|In support of sport: Sport administrators (from left, back), Frans Mamabolo, Roger Adams, John Donald and Peter Buckton, (from left, front) Gavin Sheldon, Lydia Hall and Noreen Wonnacott.|
Who are UCT sports administrators?
In alphabetical order, Roger Adams, Peter Buckton, Lydia Hall, Frans Mamabolo and Gavin Sheldon. Noreen Wonnacott oversees the activities of the hockey club on a part-time basis, while Kobus Olivier joins the cricket team on a seasonal level. John Donald is head of sport and recreation.
What do sports administrators do?
The sport and recreation unit has seven sports administrators, who "work when everyone else is playing", as Donald puts it, in the development and support of student leaders from the 40 sports clubs at UCT. "This entails creating an environment conducive to extra curricular learning and day-to-day mentoring with an important emphasis on co-operative governance."
Operationally, sports administrators are responsible for the good governance of the clubs, including the management of finances, building relationships with internal and external agencies such as provincial and national structures, and serving on national student sports committees or provincial and national federations. They also assist the clubs to recruit qualified coaches and oversee safety issues, including the proper maintenance of facilities and equipment. In addition, the team ensures proper medical provision for high-risk sports. All this requires solid organisational and management skills, and sound working relationships with external bodies.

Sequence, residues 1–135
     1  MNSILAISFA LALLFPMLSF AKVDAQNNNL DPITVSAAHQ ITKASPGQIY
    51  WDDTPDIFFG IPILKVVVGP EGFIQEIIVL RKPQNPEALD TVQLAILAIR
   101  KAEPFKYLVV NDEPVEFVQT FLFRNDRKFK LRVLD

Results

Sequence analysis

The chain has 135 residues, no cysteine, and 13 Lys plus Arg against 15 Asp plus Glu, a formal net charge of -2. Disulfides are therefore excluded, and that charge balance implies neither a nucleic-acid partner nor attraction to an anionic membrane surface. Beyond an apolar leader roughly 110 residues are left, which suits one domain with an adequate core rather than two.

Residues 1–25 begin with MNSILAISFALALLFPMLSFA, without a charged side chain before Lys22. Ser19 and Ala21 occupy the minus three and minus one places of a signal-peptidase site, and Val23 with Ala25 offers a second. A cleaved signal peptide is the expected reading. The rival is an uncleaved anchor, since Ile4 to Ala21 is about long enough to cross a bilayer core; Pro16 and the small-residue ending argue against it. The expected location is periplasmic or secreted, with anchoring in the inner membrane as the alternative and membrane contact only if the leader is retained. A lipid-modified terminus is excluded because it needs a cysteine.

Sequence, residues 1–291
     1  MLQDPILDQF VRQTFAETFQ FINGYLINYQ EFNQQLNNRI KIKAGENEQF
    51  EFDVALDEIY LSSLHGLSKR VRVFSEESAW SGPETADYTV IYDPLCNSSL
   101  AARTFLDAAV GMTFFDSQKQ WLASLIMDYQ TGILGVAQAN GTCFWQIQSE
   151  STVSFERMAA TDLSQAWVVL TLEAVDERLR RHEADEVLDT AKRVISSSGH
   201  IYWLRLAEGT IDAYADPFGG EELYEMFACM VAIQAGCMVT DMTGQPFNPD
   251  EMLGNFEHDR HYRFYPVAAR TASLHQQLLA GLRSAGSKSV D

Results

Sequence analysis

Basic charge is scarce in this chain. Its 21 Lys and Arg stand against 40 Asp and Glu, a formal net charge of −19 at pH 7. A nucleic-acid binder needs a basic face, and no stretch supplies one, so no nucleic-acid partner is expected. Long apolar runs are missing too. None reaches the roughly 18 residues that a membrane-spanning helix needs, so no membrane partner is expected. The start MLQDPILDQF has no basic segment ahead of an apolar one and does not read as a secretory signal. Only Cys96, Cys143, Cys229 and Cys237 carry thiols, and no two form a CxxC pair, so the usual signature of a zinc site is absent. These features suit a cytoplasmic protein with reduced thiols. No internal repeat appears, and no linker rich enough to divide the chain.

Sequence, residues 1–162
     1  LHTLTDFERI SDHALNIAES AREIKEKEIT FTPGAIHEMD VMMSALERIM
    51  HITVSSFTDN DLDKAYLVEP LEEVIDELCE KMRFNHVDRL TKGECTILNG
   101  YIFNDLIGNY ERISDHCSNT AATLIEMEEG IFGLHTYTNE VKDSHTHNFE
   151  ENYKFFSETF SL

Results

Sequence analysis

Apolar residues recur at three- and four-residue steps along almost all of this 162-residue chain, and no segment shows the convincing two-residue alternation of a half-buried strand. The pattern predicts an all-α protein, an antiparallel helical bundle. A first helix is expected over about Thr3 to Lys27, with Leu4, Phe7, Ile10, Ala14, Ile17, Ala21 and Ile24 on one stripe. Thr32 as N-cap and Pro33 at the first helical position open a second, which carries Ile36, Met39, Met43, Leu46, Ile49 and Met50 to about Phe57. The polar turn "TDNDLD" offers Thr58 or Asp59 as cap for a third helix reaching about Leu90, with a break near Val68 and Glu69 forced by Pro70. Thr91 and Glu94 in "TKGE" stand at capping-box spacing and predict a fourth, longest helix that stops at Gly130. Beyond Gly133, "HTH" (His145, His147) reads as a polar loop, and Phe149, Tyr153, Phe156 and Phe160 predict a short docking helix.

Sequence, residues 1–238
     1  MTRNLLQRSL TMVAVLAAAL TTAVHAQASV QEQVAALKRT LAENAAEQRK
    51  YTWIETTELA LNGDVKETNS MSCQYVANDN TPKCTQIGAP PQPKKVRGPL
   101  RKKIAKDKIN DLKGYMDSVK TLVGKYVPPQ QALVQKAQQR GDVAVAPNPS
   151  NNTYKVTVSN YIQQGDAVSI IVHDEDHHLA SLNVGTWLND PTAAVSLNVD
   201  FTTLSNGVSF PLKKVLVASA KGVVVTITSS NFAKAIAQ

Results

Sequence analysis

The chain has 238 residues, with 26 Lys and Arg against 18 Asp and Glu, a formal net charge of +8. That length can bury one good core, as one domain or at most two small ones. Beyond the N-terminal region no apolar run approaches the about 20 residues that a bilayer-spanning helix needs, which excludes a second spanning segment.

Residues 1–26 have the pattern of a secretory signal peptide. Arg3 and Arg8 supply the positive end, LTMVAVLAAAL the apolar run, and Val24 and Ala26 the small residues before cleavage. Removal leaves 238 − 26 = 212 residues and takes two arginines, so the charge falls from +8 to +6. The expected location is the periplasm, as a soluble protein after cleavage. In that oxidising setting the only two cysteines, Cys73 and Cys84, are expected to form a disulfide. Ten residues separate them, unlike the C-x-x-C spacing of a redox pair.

What are the highs and lows of the job?
There are few lows in the life of sports administrators as they usually deal with bright, enthusiastic students willing to work together to achieve common goals, says Donald. "However, we often have to deal with errant individuals with personal agendas within external structures. The challenge is to uphold good ethics and align oneself carefully."
How do you see the profession in general?
"As for the poor reputation of sport administrators at a national level, and in professional sport in particular," says Donald, "we believe that many of them are in sport for all the wrong reasons, including personal gain and power, and that if they applied basic democratic principles, the sports terrain would be a more harmonious one."
What is the strangest thing to have happened in the line of duty?
"We were on a tour to Port Elizabeth when our aquatics team decided to go skinny-dipping at King's Beach and had all their belongings and clothes stolen while they were in the water. The team had to run two kilometres back to their hotel, completely starkers. You can just imagine the reception they received!"
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